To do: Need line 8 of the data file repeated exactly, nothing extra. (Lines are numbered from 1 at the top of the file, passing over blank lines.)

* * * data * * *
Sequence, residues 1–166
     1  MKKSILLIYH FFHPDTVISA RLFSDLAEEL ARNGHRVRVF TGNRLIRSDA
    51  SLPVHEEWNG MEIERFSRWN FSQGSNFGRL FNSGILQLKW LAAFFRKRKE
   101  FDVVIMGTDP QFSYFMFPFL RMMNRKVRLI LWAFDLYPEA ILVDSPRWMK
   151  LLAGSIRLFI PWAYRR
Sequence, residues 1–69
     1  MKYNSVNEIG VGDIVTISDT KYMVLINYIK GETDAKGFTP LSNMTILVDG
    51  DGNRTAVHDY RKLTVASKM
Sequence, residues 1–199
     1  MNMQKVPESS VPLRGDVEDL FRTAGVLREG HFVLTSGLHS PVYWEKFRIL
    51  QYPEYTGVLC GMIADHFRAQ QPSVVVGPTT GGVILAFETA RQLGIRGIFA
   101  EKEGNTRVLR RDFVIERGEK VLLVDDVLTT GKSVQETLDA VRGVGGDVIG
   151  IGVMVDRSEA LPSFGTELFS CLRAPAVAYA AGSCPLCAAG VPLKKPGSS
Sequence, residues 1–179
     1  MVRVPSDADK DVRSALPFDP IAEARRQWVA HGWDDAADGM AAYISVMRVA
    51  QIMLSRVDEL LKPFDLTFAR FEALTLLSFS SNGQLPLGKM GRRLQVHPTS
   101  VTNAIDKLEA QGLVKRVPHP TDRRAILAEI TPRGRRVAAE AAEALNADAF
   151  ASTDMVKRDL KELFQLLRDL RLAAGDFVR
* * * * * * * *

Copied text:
    51  DGNRTAVHDY RKLTVASKM